Incorporating Stephen Sondheim’s catalog into the university performing arts training studio can be both exciting and discouraging. This is because even the most basic material would require a fairly sophisticated understanding of vocal music, interpretive skill and acting chops. Those who are rhythmically challenged, requiring melodies doubled in accompaniments or unable to make clear acting choices will find themselves unsuited to performing a Sondheim song successfully. Examining, learning, working on and performing songs in the academic environment refocuses the work from the expectations of a paying audience and bears its concentration heavily on the individual performer, the scene partner and an instructor in artificial terrain.
There are ample rewards, however, for those studying musical theatre techniques in a workshop or master class if the initial pedagogy has been structured well. First, theatre or music students need not bow to the given circumstances of the song as long as they have a clear understanding of the character’s situation and intention, and the song structure and language. There is absolutely no singular way to achieve this, as countless professional productions on Broadway and in London have demonstrated through imaginative re-contextualizing and inventive storytelling. One only has to search YouTube for a video clips of “I’m Still Here” or “The Worst Pies in London” or “Being Alive” to realize the divergent, multifarious renditions that start with Sondheim’s composition but honor the craft of the singing actor’s interpretive skill.
There is abundance of material to choose from, especially in the post-1970 Sondheim scores, and many lessons to be learned from selecting specific musical theatre moments to assign to students that form a compelling study tools. Material selected should be chosen to reinforce the singer’s strengths. It isn’t usually recommended to choose material that is counter to the performer’s tessitura, and vocal key changes should accommodate the singer’s range. Selections should also try to address age appropriateness of material. Obviously it is important to stretch the student, but it’s not particularly useful for a 21-year-old to perform Madame Armfeldt’s “Liaisons.” This doesn’t mean there is not some value in inhabiting older characters but, in general, it is preferable to assign material that will maximize performers’ assets and minimize weaknesses. There are countless examples, of course, but here are some suggestions:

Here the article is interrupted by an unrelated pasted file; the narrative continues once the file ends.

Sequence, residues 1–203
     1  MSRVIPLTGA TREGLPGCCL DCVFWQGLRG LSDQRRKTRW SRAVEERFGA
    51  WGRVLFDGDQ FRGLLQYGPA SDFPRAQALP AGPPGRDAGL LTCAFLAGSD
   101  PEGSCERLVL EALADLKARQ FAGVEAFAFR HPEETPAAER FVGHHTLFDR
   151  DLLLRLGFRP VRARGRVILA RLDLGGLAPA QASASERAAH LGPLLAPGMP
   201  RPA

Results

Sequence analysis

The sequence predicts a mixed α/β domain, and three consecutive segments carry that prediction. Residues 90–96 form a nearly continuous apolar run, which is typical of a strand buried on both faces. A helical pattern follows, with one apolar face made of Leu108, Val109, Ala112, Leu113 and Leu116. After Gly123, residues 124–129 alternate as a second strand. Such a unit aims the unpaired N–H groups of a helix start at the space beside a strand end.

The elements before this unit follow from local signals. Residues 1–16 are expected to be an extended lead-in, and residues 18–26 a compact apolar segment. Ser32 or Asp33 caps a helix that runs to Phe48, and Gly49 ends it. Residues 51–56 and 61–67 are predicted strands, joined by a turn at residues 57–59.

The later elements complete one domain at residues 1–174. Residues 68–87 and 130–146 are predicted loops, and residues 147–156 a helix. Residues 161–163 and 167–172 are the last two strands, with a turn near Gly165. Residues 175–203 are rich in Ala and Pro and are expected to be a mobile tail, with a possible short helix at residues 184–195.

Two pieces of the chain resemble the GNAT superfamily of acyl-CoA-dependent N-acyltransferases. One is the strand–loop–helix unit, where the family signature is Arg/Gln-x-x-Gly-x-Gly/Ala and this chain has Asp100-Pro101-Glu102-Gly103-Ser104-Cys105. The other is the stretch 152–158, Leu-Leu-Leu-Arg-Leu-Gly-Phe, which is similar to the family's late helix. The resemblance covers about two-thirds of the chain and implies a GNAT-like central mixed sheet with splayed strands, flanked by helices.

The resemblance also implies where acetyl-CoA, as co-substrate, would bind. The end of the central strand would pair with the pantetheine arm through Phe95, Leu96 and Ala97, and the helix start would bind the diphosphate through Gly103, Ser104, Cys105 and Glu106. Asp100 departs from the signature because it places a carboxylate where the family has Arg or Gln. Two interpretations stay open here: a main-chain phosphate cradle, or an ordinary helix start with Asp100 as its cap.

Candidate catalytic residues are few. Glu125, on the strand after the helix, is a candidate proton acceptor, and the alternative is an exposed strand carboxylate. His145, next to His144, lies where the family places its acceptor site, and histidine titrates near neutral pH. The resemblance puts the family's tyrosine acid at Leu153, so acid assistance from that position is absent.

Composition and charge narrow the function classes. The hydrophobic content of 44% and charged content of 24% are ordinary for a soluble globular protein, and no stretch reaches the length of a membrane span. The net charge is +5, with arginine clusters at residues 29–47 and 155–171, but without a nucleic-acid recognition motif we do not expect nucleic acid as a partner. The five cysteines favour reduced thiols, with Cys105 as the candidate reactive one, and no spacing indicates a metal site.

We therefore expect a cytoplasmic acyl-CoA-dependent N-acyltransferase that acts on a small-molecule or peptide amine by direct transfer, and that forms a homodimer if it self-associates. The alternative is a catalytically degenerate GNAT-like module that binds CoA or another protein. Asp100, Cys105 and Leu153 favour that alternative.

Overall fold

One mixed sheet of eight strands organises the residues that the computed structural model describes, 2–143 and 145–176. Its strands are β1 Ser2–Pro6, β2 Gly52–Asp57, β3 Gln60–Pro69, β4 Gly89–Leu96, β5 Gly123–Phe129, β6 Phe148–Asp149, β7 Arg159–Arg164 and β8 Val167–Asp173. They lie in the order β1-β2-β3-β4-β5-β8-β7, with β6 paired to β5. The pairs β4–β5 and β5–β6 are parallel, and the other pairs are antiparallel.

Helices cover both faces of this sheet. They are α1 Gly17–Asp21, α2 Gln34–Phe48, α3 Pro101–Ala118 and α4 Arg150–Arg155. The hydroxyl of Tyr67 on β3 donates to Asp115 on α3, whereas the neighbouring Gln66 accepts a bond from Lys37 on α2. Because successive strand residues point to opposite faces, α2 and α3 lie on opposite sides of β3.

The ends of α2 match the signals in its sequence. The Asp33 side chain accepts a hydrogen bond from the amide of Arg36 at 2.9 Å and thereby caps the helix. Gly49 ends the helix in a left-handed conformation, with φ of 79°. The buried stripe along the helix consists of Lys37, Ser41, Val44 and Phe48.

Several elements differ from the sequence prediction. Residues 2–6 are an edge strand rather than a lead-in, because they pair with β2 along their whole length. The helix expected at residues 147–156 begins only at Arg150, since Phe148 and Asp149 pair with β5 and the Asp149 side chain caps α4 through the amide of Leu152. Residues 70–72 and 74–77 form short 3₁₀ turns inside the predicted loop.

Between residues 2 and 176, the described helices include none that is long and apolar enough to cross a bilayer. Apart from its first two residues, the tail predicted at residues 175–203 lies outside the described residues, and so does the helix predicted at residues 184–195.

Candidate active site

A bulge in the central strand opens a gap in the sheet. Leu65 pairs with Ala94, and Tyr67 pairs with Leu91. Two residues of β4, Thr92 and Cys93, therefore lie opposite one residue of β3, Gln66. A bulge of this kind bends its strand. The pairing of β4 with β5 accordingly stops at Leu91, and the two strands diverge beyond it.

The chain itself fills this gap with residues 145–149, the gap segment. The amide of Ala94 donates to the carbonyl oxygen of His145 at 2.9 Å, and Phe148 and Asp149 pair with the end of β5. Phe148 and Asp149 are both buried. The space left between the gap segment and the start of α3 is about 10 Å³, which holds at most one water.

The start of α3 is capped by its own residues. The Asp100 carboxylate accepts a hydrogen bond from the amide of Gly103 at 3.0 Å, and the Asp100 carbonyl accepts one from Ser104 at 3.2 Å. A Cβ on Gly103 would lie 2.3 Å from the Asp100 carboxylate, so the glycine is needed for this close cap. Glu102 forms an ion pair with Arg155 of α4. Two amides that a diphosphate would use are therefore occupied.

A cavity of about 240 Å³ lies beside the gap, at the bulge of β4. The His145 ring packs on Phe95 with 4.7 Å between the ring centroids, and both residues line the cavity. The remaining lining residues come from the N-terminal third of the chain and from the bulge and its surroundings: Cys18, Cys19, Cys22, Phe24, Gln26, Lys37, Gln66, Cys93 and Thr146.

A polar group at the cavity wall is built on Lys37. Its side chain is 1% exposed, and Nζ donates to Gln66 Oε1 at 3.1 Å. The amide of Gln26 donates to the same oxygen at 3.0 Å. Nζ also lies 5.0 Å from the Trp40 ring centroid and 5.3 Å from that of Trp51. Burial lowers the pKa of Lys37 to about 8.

I Want/I Am Songs: These are usually offered toward the beginning of well-structured musicals because they propose an early explanation of characters’ wants and desires. Every Sondheim show contains such numbers for most of the principals. Many of these have standard or slightly modified AABA structures. This is instructive because it makes for thoughtful exercises in analysis of how the stakes get heightened with the second A section and how the release in the B section operates both independently and simultaneously with the return to the main melody.
“Green Finch and Linnet Bird” from Sweeney Todd, “Lovely” from Forum, “Soon” from A Little Night Music, “I Remember” from Evening Primrose, “I Know Things Now” and “On the Steps of the Palace” from Into the Woods all work well for sopranos and mezzo-sopranos in the college setting. In addition, “The Miller’s Son” from Night Music, though placed in the show’s penultimate spot before a series of resolving reprises, is a virtuosic opportunity for the treble voice because it contains full-throated phrasing, inconstant meters, alliteration and both internal and triple rhymes. The song, which incorporates elements of a list song and a charm song as well, almost requires a seat belt for the listener. “Giants in the Sky” from Into the Woods, “Later” from Night Music, “Love, I Hear” from Forum, “Someone Is Waiting” from Company, “Johanna” from Sweeney Todd and “Finishing the Hat” from Sunday offer bountiful moments for tenors and baritones.